“They’ve devastated ag jobs, timber jobs, mining jobs with their environmental regulations, so, yes, we have a harder time sustaining the economy, and therefore there’s more people that are in a poorer situation.”
Because incomes are significantly lower than the state average and the region is so thinly populated, tax revenue from the far north is a fraction of what urban areas contribute. In 2014, the 13 northern counties had a combined state income tax assessment of $1 billion, compared with $4 billion from San Francisco County.
Resentment toward the rest of California has a long history here — there have been numerous efforts to split the state since its founding in 1850. After the presidential election, a proposal to secede from the union, driven by liberals and known as Calexit, gained attention.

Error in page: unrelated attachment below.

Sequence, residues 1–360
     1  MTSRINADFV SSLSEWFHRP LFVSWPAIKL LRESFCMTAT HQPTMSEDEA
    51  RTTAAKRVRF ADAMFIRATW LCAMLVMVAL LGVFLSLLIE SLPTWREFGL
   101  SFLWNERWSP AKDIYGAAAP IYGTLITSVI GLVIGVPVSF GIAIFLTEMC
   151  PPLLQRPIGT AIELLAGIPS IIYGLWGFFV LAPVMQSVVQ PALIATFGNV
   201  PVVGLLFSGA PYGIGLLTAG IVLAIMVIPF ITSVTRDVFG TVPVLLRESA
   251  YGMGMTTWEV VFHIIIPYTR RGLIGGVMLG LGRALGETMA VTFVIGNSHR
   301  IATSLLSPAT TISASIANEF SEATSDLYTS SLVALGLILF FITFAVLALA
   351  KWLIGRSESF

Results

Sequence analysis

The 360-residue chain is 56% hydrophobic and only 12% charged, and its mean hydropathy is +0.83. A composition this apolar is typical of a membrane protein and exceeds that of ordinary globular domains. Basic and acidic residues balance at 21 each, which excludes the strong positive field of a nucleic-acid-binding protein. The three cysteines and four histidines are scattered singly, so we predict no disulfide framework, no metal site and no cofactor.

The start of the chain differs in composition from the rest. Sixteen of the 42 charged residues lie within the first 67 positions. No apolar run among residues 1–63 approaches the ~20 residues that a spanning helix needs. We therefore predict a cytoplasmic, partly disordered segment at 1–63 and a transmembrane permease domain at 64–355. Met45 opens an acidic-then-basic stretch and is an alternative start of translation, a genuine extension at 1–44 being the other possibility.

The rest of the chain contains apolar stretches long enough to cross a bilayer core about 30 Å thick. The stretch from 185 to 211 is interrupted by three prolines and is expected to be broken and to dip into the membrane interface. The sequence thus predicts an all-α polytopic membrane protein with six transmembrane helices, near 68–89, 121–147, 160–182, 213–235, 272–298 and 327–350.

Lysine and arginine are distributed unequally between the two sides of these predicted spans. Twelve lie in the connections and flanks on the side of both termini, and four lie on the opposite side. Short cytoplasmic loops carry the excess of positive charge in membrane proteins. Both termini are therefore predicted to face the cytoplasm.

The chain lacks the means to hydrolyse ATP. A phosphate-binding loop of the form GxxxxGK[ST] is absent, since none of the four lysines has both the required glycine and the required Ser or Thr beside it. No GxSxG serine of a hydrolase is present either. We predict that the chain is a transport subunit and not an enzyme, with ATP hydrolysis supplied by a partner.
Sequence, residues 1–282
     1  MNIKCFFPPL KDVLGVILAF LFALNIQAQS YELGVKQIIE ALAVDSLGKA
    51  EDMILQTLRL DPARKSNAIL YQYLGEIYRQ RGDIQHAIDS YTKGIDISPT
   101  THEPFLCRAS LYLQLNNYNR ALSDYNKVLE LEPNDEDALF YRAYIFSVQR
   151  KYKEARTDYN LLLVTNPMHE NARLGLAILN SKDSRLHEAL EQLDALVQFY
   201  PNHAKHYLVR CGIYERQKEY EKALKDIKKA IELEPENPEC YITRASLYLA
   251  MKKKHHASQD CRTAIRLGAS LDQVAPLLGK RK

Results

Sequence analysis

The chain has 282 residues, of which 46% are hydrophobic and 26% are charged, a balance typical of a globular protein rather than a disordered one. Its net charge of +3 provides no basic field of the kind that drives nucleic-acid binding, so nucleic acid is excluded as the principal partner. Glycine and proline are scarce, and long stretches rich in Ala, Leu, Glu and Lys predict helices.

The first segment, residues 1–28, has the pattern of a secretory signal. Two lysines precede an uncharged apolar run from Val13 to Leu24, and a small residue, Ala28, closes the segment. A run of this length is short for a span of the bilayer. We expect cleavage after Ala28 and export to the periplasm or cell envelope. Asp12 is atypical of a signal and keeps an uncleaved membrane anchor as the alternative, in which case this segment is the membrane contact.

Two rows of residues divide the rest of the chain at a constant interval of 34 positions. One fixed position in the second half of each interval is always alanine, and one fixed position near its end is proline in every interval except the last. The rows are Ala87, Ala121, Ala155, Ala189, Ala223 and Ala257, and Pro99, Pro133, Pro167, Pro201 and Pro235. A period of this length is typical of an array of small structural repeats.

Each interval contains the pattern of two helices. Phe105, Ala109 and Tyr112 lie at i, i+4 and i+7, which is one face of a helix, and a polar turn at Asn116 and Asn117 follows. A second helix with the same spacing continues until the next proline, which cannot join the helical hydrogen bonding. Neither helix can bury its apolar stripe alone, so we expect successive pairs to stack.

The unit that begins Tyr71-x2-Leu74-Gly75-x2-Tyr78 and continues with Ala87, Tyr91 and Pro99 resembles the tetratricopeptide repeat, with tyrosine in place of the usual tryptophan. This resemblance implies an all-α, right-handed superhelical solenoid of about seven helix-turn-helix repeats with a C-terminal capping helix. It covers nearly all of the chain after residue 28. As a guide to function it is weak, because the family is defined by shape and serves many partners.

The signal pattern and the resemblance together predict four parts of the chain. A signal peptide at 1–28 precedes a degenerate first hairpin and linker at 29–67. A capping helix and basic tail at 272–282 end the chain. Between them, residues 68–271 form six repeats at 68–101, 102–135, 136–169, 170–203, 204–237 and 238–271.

Residents here have long backed a different proposal for a separate state, one that would be carved out of Northern California and the southern reaches of Oregon. Flags of the so-called State of Jefferson, which was first proposed in the 19th century, fly on farms and ranches around the region.
Jefferson, named after the president who once envisioned establishing an independent nation in the western section of North America, is more a state of mind than a practicable proposal. Many see it as unrealistic for a region that has plenty of water and timber but perhaps not enough wealth to wean itself away from engines of the California economy.
However, two recent initiatives have channeled the deep feeling of underrepresentation.